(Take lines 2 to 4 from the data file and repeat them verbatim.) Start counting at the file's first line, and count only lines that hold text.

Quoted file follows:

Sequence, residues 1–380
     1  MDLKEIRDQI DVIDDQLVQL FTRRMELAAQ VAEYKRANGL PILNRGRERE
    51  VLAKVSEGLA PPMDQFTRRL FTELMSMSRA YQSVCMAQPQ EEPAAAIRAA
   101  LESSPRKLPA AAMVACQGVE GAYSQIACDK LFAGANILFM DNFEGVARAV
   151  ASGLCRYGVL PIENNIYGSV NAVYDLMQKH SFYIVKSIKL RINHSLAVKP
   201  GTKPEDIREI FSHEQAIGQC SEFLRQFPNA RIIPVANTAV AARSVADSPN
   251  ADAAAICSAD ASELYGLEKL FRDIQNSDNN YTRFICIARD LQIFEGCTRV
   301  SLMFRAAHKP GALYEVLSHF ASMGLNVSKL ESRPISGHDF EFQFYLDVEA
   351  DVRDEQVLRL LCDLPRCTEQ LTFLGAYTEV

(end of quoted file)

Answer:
     1  MDLKEIRDQI DVIDDQLVQL FTRRMELAAQ VAEYKRANGL PILNRGRERE
    51  VLAKVSEGLA PPMDQFTRRL FTELMSMSRA YQSVCMAQPQ EEPAAAIRAA
   101  LESSPRKLPA AAMVACQGVE GAYSQIACDK LFAGANILFM DNFEGVARAV